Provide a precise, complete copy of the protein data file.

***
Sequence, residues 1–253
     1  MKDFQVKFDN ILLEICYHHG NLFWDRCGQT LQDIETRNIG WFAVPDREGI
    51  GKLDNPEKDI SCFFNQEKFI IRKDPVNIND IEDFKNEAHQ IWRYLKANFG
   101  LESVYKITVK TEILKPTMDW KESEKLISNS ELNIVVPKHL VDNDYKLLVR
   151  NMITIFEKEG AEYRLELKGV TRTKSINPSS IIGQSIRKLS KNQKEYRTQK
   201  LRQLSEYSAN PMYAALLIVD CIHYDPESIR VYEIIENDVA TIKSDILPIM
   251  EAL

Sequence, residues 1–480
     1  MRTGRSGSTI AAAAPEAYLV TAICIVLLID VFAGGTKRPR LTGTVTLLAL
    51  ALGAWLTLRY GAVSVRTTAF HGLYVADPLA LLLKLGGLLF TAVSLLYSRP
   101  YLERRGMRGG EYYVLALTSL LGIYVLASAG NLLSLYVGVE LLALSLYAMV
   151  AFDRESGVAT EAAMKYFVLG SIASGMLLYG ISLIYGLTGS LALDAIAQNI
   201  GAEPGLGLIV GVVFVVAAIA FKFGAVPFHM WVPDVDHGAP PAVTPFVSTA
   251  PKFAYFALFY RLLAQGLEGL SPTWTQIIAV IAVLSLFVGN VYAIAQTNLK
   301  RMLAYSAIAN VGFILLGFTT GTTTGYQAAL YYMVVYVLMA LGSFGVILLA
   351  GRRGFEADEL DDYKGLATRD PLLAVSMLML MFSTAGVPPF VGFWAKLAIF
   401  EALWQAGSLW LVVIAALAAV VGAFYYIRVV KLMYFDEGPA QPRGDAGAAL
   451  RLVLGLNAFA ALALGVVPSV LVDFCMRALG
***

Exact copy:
Sequence, residues 1–253
     1  MKDFQVKFDN ILLEICYHHG NLFWDRCGQT LQDIETRNIG WFAVPDREGI
    51  GKLDNPEKDI SCFFNQEKFI IRKDPVNIND IEDFKNEAHQ IWRYLKANFG
   101  LESVYKITVK TEILKPTMDW KESEKLISNS ELNIVVPKHL VDNDYKLLVR
   151  NMITIFEKEG AEYRLELKGV TRTKSINPSS IIGQSIRKLS KNQKEYRTQK
   201  LRQLSEYSAN PMYAALLIVD CIHYDPESIR VYEIIENDVA TIKSDILPIM
   251  EAL

Sequence, residues 1–480
     1  MRTGRSGSTI AAAAPEAYLV TAICIVLLID VFAGGTKRPR LTGTVTLLAL
    51  ALGAWLTLRY GAVSVRTTAF HGLYVADPLA LLLKLGGLLF TAVSLLYSRP
   101  YLERRGMRGG EYYVLALTSL LGIYVLASAG NLLSLYVGVE LLALSLYAMV
   151  AFDRESGVAT EAAMKYFVLG SIASGMLLYG ISLIYGLTGS LALDAIAQNI
   201  GAEPGLGLIV GVVFVVAAIA FKFGAVPFHM WVPDVDHGAP PAVTPFVSTA
   251  PKFAYFALFY RLLAQGLEGL SPTWTQIIAV IAVLSLFVGN VYAIAQTNLK
   301  RMLAYSAIAN VGFILLGFTT GTTTGYQAAL YYMVVYVLMA LGSFGVILLA
   351  GRRGFEADEL DDYKGLATRD PLLAVSMLML MFSTAGVPPF VGFWAKLAIF
   401  EALWQAGSLW LVVIAALAAV VGAFYYIRVV KLMYFDEGPA QPRGDAGAAL
   451  RLVLGLNAFA ALALGVVPSV LVDFCMRALG